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How scientists hypothesize the Coliseum would look, if there were such thing as The Moon

The Colosseum, or the Coliseum, originally the Flavian Amphitheatre (Latin: Amphitheatrum Flavium, Italian Anfiteatro Flavio or Colosseo), has amazed and inspired visitors from near and abroad for centuries. Many a traveler has gazed upon this ancient masterpiece of architecture and wondered to themselves just what size pastries will mankind achieve in the future.

Conception of design[edit | edit source]

Construction of the Colosseum began under the rule of the Emperor Vespasian in around 70-72. As Vespasian was taking a relaxing bath after a long day of oppressing the known world, one of his servants brought him a tray of newly invented doughnuts. Vespasian, upon trying one, was delightfully surprised and purportedly uttered "Ego operor non vere teneo quam oro Latin" (Doughnuts are to me, as Christians are to lions.)The rest of Vespasian's rein was dominated by his affection for doughnuts, culminating finally in the construction of a giant Doughnut mold. Many an advisor attempted to

One of the many scholars employed by Vespasian, sifting through the vast tomes of doughnutical knowledge.

dissuade The Emperor from this reckless enterprise. But undaunted by his certain inability to actually eat even a small portion of the envisioned doughnut, Vespasian pushed ahead with the plans. It was to be his downfall.

Construction[edit | edit source]

After much debate engineers settled on stone and slave labor for construction, a radically different approach for ancient times. The materials necessary for the mold were putting a great strain upon the Empire's finances not mention the Doughnut ingredients themselves. Vespasian's popularity amongst the nobles plummeted, for his preoccupation with doughnut baking had diverted him from making war, leaving the upper classes' thirst for blood and riches unquenched. The peasants were also unhappy that the grain required for such a gargantuan pastry would starve them and there families to death, but this was secondary.

So one night in 79 A.D. as he sat studying cookbooks Vespasian was stabbed to death by assassins sent by his adversaries. The succeeding emperor, Titus, completed the structure in 80 A.D. and many foreigners and wild animals were killed in celebration. Little did they know, just the day before Vespasian had dedicated the Doughnut-in-progress to almighty Jupiter. It was to be a costly error, jupiter only likes flapjacks!!!! .

Disuse and Divine wrath[edit | edit source]

Angry lions lead a walk out of wild beasts complaining about the 'poor quality' of their intended victims.

For most of his reign Titus was preoccupied with killing people who believed different things than him, and the Coliseum was never put use for its intended purpose. Over the years different emperors came and went, as the Coliseum gathered dust, which collected in the middle to create a sand bed. The ignorant masses eventually tore down the crumbling inner walls and used it as an arena, its original purpose long forgotten.

The Roman Empire fell on hard times in the Crisis of the Third Century, and people wondered what they had done to anger the Gods so. During an official sacrifice in the capital a bolt of lightning (that may or may not have been thrown by all or any of Zeus, Jupiter, Thor, God, or Jaweh) Struck the Coliseum causing a great fire that left it and much of the city severely damaged. The people were in panic over this ill omen, complicated by troubles abroad and corruption with in. It appeared as if the mighty Roman Empire was finally at an end.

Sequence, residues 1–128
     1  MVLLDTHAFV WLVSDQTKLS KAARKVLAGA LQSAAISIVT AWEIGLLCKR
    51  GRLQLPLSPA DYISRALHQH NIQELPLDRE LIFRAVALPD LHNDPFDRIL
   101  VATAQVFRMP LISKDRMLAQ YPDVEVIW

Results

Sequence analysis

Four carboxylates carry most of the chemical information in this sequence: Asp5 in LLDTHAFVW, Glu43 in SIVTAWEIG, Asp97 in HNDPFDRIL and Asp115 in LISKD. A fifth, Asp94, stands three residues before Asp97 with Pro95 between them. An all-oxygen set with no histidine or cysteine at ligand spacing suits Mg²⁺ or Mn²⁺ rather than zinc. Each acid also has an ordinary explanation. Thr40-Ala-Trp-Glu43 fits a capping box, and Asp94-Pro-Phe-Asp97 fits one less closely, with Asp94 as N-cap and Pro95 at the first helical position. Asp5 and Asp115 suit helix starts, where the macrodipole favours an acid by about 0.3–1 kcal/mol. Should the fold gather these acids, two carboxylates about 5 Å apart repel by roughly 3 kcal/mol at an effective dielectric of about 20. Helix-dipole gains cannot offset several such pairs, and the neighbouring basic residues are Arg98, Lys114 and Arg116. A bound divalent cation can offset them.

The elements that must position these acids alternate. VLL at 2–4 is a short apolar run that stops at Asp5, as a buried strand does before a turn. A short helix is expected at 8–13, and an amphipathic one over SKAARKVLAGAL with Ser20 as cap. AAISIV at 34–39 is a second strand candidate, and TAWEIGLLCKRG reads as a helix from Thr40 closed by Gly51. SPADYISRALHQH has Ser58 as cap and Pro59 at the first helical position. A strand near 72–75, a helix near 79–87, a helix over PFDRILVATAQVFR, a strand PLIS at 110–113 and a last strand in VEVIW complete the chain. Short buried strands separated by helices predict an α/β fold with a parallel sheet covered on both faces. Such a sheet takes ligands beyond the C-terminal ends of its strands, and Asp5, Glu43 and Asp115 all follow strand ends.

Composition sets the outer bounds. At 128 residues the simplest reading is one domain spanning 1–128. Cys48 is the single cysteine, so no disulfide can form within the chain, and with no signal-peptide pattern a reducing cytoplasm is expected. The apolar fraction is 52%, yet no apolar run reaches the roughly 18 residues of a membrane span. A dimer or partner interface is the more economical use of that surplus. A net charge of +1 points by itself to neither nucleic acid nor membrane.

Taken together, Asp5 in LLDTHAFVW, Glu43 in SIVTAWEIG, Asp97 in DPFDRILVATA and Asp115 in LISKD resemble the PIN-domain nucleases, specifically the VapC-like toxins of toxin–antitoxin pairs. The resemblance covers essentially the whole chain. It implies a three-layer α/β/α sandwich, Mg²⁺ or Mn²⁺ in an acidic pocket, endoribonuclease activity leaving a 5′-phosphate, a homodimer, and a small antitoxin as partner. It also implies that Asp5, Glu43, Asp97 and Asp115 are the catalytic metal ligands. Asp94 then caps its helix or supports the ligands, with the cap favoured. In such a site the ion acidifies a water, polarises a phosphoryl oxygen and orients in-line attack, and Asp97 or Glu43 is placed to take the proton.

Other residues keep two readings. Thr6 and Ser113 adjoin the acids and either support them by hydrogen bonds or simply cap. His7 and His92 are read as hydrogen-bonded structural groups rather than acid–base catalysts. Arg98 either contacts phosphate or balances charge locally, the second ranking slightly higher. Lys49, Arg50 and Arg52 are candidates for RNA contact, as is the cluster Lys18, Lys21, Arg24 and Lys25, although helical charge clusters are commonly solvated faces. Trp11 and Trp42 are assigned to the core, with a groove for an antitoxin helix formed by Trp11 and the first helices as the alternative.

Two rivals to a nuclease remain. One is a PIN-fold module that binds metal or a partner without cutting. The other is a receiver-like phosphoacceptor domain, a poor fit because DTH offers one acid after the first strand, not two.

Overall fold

And a fucking random point:

Nobody ever came to the coliseum. They thought it was spelt colliseum and they saw enough men fighting tigers in their underwear. They preferred to watch it on TV. Why? BECAUSE THEY WERE TOO FUCKING LAZY!!!!!!!!!!!!!!!!!!!!!!!!!!!!!!!!!!!

Rediscovery and Salvation[edit | edit source]

It is around this time that we begin to hear of one Latvenum the Elder. To the great amusement of his fellow citizens, Latvenum claims to have found an ancient scroll detailing the true purpose of the Coliseum, and the cause of the Empire's troubles. Laughed off by his peers, and finally accused treason, Latvenum was sentenced to be fed to Rhinoceroses in, ironically, the Coliseum. The Romans, not knowing yet that despite their fearsome appearance Rhinoceroses are actually herbivores, were amazed at Latvenum's survival. Imagining him to be some kind of divine messenger, the old scholar's warnings were finally heeded.

Orators discussing the merits of Jelly filled as opposed to chocolate.

Under the orders of current Emperor Diocletian, The Arena was re-modified back into its original mold state, and baking began immediately. Soon into it however, a great controversy erupted as over to what type of doughnut was to be molded. Several factions representing their preferred flavor had heated debates in the public forums, sometimes degenerating into mob violence, and barely stopping short of military conflict. In the end, through a series of brilliant speeches, and throat cutting the Plain Old Glazed faction prevailed. Prosperity and peace once more returned to the land. But not for long.

Conclusion[edit | edit source]

Some of it was eaten, most of it molded over, and all of it pissed off the Gods. In their holy fury they condemned Rome to slow decline over the next few hundred years, but the Coliseum remained. As a monument to mankind's ingenuity and power, to humanity's cruelty and foolishness, and to people's fondness for sticky sweet fried things.

See Also[edit | edit source]